IF YOU GO
Where: Barbara B. Mann Performing Arts Hall, 8099 College Parkway, Fort Myers
When: Through March 7; call for times and dates
Tickets: $110 at bbmannpah.com, (800) 440-7469 or (239) 481-4849
NAPLES — Behind every great man is a great woman, so the saying goes. For Frankie Valli and the Four Seasons, as recounted in the Broadway hit “Jersey Boys,” 46 great women were behind the blue-collar-kids-turned-musical-superstars.
Don’t expect a huge ensemble cast with that number at Barbara B. Mann Performing Art Hall’s presentation of the rock and roll-charged biography, however.
Meet the Jersey Girls: Sarah Darling, Denise Payne and Kara Tremel. You were expecting more, perhaps?
The Four Seasons’ whirlwind rise to fame — 175 million records sold and Rock and Roll Hall of Fame status — is reflected in a carefully orchestrated backstage costuming maelstrom culminating in 16 changes for Darling, 18 for Payne and 12 for Tremel. There are 49 wigs involved.
Not that they’ve timed it, but the women know who has the quickest of the quick changes: Tremel has one costume transformation that must take place within a 10-second window.
If you’re thinking wardrobe malfunction, not to worry. These are trained professionals, according to Payne.
“We have a great team that runs the show, very highly organized. We haven’t really had too many problems.” That’s great, considering the girls have to run up and down stairs in high heels.
The male leads have some big shoes to fill, too, of course. Not only must they embody those guys from the wrong side of the tracks turned pop icons, but they’re charged with the care and feeding of those songs. You know, those songs: “Sherry,” “Rag Doll,” “Big Girls Don’t Cry”?
No lip synching here, folks. These boys do their own stunts.
Too good to be true
It’s the dizzying blizzard of tulle, crinoline, wigs and sequins behind the scenes that completes the illusion and sets the stage for the romance, ambition, jealousy and anger always simmering just below the surface.
“It’s the story of what people wouldn’t know, how things went down,” Tremel said, whose roles include Valli’s first wife, Mary Delgado (a multi-dimensional character in herself), who vacillates between forced bravado and guarded vulnerability.
“There was gambling, drinking; there are arrests. It would be like watching ‘TMZ’ today,” she said, referring to the celebrity tell-all TV show and Web site.
Darling plays Lorriane, a fictional composite of a girlfriend to the Valli character, among others. She agreed, “There’s a lot of general life stuff. (The Four Seasons) had their successes, but also their failures when they were really struggling.”
“But the songs keep coming,” Tremel added.
What’s in a song?
Far from a sterilized musical revue dripping with bubble gum-flavored nostalgia, “Jersey Boys,” scripted by Marshall Brickman and Rick Elice, offers the back story straight up. Whether they know they want it or not, even those who grew up with the music will have an opportunity to experience it in a new way.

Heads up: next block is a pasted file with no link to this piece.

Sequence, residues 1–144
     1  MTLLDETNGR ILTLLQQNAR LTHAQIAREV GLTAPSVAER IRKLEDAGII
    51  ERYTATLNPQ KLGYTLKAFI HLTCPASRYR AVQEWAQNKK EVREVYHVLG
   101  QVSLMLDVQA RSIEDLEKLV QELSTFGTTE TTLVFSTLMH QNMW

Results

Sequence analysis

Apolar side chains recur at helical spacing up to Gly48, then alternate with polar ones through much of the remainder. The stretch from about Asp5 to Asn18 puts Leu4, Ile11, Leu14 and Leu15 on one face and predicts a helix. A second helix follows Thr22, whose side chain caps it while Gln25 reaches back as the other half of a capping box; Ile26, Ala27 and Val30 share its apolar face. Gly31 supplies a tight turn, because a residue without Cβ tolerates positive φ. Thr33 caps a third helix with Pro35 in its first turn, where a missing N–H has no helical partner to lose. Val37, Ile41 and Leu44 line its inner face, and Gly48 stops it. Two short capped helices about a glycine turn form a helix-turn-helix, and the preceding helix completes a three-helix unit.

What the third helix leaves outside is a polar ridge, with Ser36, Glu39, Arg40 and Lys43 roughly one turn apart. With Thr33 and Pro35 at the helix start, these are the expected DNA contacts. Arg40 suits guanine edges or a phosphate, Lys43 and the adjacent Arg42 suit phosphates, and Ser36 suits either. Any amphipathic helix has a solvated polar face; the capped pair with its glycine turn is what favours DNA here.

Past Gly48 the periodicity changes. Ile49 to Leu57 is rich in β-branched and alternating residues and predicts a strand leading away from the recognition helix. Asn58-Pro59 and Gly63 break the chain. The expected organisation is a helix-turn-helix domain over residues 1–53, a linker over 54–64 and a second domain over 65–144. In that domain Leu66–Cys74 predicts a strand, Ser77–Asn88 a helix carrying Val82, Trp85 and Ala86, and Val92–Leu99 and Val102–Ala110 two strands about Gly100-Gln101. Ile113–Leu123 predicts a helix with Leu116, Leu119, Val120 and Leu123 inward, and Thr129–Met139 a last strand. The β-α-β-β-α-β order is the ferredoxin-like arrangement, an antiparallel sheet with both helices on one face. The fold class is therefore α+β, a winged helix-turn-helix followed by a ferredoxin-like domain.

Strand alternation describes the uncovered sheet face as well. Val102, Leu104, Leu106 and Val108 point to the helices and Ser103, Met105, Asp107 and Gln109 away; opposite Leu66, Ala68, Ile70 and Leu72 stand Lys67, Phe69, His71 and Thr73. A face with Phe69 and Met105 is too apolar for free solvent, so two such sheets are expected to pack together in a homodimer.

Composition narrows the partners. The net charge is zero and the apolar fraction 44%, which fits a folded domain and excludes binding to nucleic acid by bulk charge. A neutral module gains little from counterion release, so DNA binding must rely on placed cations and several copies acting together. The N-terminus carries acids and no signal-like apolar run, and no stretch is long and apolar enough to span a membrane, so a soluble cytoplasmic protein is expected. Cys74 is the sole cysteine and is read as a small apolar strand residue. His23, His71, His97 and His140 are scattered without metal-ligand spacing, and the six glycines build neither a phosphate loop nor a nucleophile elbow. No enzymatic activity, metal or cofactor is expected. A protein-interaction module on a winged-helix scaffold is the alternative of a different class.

Among her other roles, Payne plays Valli’s troubled daughter, Francine, a serial runaway who dies of a drug overdose. She added that some of the most famous songs were written during the time when the group was defining itself and suffering pain.
“I think people do appreciate the music so much, but then to learn the background. ... They get really attached to the characters,” she reflected.
The more the group churns out the hits, it seems, the more personal blows the members seem to sustain. That presumably is what makes the story so compelling. It’s no silver spoon tale, but one where grit and determination ultimately prevail when talent alone simply would not. If it were easy, there might not be so much to tell.
But what would have happened without the girls? With so many roles between just a few players, the show reflects the many different ways men are inspired, challenged, frustrated and exhilarated by the women in their lives.
Who loves you?
Southwest Florida has demonstrated an appetite for the show to match the real Jersey Boys’ fabled proclivity for the ladies. The Barbara B. Mann Performing Arts Hall has even taken the unusual step of opening up some seats in the orchestra pit to accommodate the demand.
The musical is here through March 7.
Sure, the region has more that its fair share of Baby Boomers. However, as the Jersey Girls contend, the music transcends generational lines.
“I feel like every generation really does recognize it,” said Payne, whose junior prom theme song was “Oh, What a Night.” She pointed out the preponderance of commercials that borrow the Four Seasons’ signature sound.
The Tony Award-winning show, now in its fifth year, is also doing no small part in keeping the songs relevant and recognizable.
The timing may simply be perfect.
”It’s definitely a good show for the state of things in our world right now,” said Darling.
The rough-and-tumble Jersey Boys created an indelible mark on music under less than perfect circumstances; their musical biography offers a vivid trip down the road on which they learned to “Walk Like a Man.”
Or like a hard-working Jersey girl.